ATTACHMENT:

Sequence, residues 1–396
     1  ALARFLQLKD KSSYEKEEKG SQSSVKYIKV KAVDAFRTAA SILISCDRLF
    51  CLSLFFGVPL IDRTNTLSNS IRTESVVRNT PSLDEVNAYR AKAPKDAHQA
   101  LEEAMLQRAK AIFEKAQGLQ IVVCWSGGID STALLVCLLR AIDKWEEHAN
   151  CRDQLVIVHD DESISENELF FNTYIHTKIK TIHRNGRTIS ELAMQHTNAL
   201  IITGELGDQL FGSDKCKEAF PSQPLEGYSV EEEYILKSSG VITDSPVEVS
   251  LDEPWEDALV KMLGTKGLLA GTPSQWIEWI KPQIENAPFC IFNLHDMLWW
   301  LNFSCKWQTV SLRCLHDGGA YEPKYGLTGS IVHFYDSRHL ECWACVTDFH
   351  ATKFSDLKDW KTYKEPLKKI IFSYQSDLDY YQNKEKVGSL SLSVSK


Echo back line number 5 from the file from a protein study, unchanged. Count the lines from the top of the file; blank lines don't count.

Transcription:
   151  CRDQLVIVHD DESISENELF FNTYIHTKIK TIHRNGRTIS ELAMQHTNAL